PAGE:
Last updated: September 25, 2023
The latest Quest Diagnostics Drug Testing Index (DTI) Analysis shows the connection between marijuana legalization and a rise in marijuana positivity in employee drug tests. The data analyzed were taken from more than 10.6 million urine, hair, and oral fluid employee drug test results recorded between January and December 2022. Pot-smoking employees in both the general and the federally mandated safety-sensitive workforces are being weeded out.
Alarmingly, though, it’s not being brought to light until after an accident occurs. Post-accident drug testing showed the largest increase in positive marijuana results. Pre-employment testing ran a close second.
The general workforce saw an increase of 9% in pot positivity in the post-accident drug testing results during 2022 when compared to 2021 results. The figure had been steadily increasing every year since 2012 though. Overall, post-accident pot positivity increased by 204.2% during that ten-year time span.
From 2002-2009, however, post-accident marijuana positivity had been on the decline. Recreational marijuana legalization kicked off in the states of Colorado and Washington in 2012. Other states have steadily joined the ranks and it’s really no surprise that the positivity rates continue to climb.
Hazardous to health
Using marijuana impacts cognitive thinking and motor skills. According to Katie Mueller, a senior program manager at the National Safety Council, located in Itasca, Illinois, “Intoxicating cannabis products, including marijuana, can have a major impact on safety at work and have been proven to slow reaction time, impact memory and impair skills essential to driving. State legalization of the drug creates new challenges for employers.”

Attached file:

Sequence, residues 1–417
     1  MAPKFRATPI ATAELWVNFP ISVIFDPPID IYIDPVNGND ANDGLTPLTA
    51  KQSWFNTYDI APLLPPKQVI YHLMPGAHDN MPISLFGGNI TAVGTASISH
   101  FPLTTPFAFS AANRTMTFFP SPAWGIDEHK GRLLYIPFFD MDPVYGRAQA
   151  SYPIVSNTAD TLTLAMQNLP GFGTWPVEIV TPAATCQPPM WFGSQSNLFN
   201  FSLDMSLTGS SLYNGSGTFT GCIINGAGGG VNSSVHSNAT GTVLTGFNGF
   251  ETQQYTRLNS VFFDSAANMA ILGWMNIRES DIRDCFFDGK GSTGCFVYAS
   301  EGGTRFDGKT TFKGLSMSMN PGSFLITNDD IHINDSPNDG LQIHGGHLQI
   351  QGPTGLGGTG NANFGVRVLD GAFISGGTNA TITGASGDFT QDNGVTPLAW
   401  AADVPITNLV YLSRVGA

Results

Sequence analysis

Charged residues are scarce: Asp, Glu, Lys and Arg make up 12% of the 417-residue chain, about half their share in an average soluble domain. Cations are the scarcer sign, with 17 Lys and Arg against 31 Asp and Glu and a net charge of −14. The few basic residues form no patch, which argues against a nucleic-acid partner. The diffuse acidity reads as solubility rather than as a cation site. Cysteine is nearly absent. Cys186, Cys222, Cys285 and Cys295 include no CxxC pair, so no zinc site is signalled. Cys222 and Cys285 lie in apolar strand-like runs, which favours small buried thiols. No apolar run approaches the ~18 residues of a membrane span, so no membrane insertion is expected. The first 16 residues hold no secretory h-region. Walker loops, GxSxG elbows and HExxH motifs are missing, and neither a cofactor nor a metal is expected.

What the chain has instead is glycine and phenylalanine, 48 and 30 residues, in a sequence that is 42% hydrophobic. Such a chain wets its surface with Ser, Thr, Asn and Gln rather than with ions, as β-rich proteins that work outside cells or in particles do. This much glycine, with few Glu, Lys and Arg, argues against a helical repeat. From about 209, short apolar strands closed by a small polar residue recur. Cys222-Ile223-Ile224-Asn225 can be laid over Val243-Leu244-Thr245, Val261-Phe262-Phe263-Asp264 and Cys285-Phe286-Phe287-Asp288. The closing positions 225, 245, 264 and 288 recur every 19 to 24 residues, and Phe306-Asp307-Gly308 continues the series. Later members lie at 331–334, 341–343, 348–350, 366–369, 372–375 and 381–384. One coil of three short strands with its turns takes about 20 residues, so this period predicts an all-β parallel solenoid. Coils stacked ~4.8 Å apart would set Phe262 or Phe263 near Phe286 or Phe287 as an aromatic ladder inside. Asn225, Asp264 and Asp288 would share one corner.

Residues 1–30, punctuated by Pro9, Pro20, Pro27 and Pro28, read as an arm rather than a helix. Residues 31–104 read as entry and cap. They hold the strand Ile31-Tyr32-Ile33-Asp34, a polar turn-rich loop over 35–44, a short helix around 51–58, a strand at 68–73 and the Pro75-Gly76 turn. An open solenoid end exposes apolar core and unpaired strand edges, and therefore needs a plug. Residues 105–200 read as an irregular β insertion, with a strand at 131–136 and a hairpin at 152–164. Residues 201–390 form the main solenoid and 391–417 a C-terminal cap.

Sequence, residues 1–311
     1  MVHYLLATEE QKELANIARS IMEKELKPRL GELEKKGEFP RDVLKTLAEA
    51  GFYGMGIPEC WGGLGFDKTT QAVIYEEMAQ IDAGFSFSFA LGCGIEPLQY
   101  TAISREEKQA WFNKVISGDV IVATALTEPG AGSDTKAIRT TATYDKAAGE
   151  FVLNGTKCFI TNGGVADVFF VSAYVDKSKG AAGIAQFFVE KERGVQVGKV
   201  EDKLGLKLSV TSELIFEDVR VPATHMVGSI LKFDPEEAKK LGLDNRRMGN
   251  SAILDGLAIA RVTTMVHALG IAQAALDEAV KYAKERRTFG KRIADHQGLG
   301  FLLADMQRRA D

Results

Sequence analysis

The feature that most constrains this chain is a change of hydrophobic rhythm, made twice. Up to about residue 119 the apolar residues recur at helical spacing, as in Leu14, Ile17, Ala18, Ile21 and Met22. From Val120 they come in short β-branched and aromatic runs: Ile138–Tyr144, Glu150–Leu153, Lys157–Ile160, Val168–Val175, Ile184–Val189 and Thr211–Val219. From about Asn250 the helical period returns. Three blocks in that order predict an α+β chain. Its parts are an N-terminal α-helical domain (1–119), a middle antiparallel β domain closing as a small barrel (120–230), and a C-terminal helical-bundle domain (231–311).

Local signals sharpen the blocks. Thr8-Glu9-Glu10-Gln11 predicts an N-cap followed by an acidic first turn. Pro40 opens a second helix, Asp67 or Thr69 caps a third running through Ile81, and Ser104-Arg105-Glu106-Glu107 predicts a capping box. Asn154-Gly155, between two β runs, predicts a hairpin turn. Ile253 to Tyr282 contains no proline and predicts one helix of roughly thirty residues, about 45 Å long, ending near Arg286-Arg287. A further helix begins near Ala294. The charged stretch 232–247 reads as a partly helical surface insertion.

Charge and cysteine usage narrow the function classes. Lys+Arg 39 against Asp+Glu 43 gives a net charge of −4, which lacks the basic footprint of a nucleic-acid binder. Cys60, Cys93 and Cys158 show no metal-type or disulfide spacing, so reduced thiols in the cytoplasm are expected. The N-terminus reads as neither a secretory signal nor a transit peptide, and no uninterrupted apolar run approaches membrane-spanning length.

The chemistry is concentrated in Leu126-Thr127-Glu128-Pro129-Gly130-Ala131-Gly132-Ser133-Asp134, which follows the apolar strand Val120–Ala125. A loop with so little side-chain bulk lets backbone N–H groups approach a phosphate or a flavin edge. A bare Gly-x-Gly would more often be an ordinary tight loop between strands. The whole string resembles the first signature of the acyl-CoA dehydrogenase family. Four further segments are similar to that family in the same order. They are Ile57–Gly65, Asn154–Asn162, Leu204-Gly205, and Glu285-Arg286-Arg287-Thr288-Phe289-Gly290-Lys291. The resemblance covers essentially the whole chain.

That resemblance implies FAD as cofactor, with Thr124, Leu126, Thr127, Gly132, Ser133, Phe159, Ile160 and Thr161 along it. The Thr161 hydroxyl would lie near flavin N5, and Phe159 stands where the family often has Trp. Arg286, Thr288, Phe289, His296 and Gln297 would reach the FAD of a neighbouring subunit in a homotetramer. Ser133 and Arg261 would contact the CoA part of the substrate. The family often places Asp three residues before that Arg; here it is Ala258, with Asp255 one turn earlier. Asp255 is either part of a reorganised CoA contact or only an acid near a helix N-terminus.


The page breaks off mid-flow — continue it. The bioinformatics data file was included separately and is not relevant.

Another issue to consider regarding being under the influence of marijuana while at work is the fact that pot potency has increased dramatically over the past few years.
Tetrahydrocannabinol (THC), the compound responsible for intoxicating users, and samples seized by the U.S. Drug Enforcement Administration (DEA) have shown THC levels increased from 3.9% in 1995 to 14.7 percent in 2018. However, some strains of pot sold in marijuana dispensaries tout THC levels that have gone even higher. Especially true in heavily concentrated products such as those used for dabbing and vaping, in which THC levels reach levels of up to 80 percent! Both of these types of products are extremely popular with teens and young adults.
There isn’t much research that can determine the effects that THC has on the body and mind at higher levels. Growers and others who push for increasing pot’s potency should consider that fact.
Marijuana use affects people in different ways depending on the dose, duration of time used, and potency. The individual’s body composition, existing medical conditions, and whether or not there are other substances used simultaneously cause different reactions as well. Not to mention the fact, that we really have no idea how much THC is too much THC.
No one has ever died of a THC overdose. However, is “yet” a word that should be added to that line of thinking?
Should pot remain on drug tests?